Shiva is also called the Cosmic Dancer, the god of creation and destruction who sustains thru his dance the endless rhythm of the universe. Sensuous pleasure has never been suppressed in Hinduism - the body is considered an integral part of the human being and not separated from the spirit.  The Hindu does not try to control his body’s desires by conscious will, but aims at realizing himself with his whole being, body and mind.

 

Buddhism: founded by Siddhartha Guatama, the original Buddha "The Awakened", 600 B.C., the predominant religion in Indo China, Tibet, Korea, China, Japan, Sri Lanka and Nepal.  A psychological, rather than metaphysical religion, geared to providing a way to overcome human frustrations, using the Hindu concepts of maya, Karma and nirvana in a dynamic manner. The intellect is seen merely as a means to clear the way for the direct mystical experience, the essence of which is to pass beyond the world of intellectual distinctions and opposites to reach the world of acintya, the unthinkable, where reality appears as undivided and undifferentiated "suchness".

 

The Four Noble Truths:

1.    The outstanding characteristic of the human situation is dukkha, which is suffering or frustration, arising from our difficulty in facing the basic fact of life; that everything is transitory and impermanent  -  "All things arise and pass away". (Nature's basic flow and change).  Suffering arises whenever we try to resist the life flow and try to cling to fixed forms which are all "maya", whether they are things, events, people or ideas. The idea of ego, or separate self, is also maya.

2.    Suffering is reinforced thru the futile grasping of life based on ignorance (avidya) - we perceive the world as divided into separate things and attempt to confine the fluid forms of reality in fixed categories created by the mind.  We become trapped in cycles of frustration, every action requiring further action, every answer requiring new questions.  This vicious cycle is known in Buddhism as samsara, the round of birth-and-death, and is driven by Karma, the never-ending chain of cause and effect.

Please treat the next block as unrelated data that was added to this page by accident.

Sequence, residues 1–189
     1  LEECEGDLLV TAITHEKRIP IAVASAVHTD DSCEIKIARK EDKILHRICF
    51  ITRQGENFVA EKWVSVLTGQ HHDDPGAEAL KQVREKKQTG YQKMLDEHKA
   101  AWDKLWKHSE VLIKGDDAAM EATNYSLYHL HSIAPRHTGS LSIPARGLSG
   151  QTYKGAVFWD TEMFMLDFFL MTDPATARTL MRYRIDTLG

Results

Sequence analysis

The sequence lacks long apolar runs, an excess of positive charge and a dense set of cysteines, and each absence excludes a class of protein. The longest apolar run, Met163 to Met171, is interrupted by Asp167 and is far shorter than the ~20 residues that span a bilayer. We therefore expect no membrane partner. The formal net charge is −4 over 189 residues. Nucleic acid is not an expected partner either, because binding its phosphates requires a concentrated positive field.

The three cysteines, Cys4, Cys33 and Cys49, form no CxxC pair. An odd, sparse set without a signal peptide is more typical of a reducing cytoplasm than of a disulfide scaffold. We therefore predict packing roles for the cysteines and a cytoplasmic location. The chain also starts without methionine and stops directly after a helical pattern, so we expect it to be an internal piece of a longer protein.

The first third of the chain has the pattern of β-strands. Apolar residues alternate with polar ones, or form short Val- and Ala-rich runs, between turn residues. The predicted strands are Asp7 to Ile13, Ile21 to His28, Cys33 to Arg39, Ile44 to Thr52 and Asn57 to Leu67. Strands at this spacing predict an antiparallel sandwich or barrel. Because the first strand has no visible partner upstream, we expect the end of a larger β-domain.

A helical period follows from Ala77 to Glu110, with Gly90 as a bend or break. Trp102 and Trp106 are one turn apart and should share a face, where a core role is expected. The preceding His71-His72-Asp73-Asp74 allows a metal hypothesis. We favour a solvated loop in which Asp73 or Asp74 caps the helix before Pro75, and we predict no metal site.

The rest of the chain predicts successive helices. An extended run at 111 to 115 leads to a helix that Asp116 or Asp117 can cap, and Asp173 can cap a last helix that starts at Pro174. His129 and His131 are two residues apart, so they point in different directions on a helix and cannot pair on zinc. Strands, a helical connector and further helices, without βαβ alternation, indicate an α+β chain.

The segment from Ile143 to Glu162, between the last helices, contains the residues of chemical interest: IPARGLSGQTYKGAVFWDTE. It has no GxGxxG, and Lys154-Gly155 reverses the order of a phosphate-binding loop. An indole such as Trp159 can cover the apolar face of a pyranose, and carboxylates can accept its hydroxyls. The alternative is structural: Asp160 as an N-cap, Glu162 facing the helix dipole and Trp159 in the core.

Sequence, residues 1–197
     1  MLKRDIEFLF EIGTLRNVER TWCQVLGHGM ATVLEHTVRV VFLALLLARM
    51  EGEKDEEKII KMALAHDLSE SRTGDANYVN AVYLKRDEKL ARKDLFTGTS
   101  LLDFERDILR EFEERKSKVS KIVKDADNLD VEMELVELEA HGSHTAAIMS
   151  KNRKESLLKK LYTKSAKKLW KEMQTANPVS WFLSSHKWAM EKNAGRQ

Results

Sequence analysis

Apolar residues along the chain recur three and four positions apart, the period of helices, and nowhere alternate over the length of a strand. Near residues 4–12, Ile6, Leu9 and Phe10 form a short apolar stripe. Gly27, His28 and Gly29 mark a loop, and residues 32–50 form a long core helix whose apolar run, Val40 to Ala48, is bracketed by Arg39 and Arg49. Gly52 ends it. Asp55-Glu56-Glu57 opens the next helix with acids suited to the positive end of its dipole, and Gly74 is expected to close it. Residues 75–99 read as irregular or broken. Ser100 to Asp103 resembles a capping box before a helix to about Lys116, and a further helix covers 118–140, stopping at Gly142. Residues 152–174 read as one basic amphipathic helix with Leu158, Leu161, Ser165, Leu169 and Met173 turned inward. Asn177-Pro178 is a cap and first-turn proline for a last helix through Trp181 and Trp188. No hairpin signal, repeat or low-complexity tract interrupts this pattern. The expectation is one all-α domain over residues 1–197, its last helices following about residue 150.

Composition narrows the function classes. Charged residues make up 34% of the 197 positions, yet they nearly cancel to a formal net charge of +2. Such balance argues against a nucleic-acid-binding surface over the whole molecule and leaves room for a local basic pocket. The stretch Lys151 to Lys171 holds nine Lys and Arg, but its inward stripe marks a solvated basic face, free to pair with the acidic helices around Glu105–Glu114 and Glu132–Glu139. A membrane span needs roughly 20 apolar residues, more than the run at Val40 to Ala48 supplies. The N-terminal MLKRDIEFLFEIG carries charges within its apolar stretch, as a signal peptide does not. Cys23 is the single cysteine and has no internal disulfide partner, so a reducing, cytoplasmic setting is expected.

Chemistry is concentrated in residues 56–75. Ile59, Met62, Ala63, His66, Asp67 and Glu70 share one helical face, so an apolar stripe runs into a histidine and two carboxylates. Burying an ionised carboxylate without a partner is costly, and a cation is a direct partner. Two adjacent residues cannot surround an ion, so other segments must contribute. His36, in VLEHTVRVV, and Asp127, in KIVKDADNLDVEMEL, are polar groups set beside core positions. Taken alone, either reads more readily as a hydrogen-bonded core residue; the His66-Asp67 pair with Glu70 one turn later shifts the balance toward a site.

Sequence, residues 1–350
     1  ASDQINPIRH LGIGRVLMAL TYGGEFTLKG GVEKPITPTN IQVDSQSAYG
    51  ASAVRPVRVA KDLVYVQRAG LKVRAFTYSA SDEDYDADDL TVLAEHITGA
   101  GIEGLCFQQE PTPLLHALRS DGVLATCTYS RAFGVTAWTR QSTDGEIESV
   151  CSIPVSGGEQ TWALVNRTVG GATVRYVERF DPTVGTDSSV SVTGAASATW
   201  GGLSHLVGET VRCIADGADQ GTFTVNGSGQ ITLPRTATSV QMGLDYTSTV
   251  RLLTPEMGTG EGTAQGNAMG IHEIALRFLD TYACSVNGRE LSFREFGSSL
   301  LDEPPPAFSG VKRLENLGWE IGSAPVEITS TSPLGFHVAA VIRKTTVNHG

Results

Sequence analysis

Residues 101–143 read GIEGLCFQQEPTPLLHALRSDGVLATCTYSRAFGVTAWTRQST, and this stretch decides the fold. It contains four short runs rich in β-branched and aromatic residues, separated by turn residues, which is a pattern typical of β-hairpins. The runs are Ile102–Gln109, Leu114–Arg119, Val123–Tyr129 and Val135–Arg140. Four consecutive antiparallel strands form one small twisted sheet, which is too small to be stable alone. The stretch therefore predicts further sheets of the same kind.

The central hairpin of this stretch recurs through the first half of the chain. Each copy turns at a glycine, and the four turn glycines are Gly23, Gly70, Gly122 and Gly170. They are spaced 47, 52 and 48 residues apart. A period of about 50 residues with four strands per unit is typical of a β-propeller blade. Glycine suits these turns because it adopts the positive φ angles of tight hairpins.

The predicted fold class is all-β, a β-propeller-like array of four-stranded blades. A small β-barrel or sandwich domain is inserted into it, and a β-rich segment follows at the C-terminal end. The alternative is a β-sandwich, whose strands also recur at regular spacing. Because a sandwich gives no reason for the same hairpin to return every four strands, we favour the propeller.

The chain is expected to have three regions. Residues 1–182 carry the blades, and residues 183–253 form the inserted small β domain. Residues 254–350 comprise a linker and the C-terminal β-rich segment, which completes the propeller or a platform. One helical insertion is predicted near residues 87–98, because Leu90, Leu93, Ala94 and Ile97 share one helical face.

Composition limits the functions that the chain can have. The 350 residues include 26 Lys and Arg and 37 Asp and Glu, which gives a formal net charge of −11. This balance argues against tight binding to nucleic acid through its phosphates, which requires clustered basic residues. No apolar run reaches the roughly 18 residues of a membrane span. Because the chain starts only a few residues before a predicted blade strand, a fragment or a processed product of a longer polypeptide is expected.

3.    It is possible to transcend the vicious cycle of samsara and free oneself from the bondage of Karma and to reach a state of total liberation called nirvana, wherein the false notions of a separate self have forever disappeared and the oneness of life becomes a constant sensation.

4.    To reach nirvana, one takes the Eightfold Path of self development - the first two sections are concerned with right seeing and right knowing (clear insight into the human situation); the next four deal with right action  (the middle way between extremes); the final 2 sections cover right awareness and right meditation and describe nirvana, or the ‘Buddha’ state.

 

The teachings were passed on verbally for 500 yrs. and then in 100 B.C., codified by Ashwaghosha in ‘The Awakening of Faith’ book used by the mainstream Mahayana doctrine.    On the religious side, the 2 pillars of the religion are prajna  (transcendental wisdom or intuitive intelligence), and Karuna (love or compassion). The Avatamsaka sutra is the epitome of Buddhist thought and this sutra stimulated Chinese and Japanese minds more than anything else - its central theme is the unity and interrelationship of all things and events.